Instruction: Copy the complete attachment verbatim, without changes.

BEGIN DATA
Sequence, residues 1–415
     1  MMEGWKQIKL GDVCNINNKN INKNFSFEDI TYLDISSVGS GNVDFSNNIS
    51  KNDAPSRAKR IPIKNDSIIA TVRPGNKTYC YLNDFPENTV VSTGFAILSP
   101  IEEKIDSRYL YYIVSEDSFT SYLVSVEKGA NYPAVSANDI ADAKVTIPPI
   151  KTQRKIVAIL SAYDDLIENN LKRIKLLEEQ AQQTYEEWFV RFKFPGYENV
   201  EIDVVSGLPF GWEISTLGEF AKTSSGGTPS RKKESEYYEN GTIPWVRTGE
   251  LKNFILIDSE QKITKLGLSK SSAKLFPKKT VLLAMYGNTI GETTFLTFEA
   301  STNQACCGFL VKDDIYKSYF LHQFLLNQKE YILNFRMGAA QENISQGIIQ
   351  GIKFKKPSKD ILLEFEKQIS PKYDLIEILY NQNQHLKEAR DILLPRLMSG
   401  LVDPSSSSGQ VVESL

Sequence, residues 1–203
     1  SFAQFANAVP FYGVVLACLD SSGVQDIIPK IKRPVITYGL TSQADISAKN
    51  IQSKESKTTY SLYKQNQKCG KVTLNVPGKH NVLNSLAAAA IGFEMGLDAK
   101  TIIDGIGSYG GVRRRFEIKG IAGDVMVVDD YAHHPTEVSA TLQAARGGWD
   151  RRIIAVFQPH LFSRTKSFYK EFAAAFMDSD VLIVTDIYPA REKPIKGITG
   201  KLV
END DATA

Sequence, residues 1–415
     1  MMEGWKQIKL GDVCNINNKN INKNFSFEDI TYLDISSVGS GNVDFSNNIS
    51  KNDAPSRAKR IPIKNDSIIA TVRPGNKTYC YLNDFPENTV VSTGFAILSP
   101  IEEKIDSRYL YYIVSEDSFT SYLVSVEKGA NYPAVSANDI ADAKVTIPPI
   151  KTQRKIVAIL SAYDDLIENN LKRIKLLEEQ AQQTYEEWFV RFKFPGYENV
   201  EIDVVSGLPF GWEISTLGEF AKTSSGGTPS RKKESEYYEN GTIPWVRTGE
   251  LKNFILIDSE QKITKLGLSK SSAKLFPKKT VLLAMYGNTI GETTFLTFEA
   301  STNQACCGFL VKDDIYKSYF LHQFLLNQKE YILNFRMGAA QENISQGIIQ
   351  GIKFKKPSKD ILLEFEKQIS PKYDLIEILY NQNQHLKEAR DILLPRLMSG
   401  LVDPSSSSGQ VVESL

Sequence, residues 1–203
     1  SFAQFANAVP FYGVVLACLD SSGVQDIIPK IKRPVITYGL TSQADISAKN
    51  IQSKESKTTY SLYKQNQKCG KVTLNVPGKH NVLNSLAAAA IGFEMGLDAK
   101  TIIDGIGSYG GVRRRFEIKG IAGDVMVVDD YAHHPTEVSA TLQAARGGWD
   151  RRIIAVFQPH LFSRTKSFYK EFAAAFMDSD VLIVTDIYPA REKPIKGITG
   201  KLV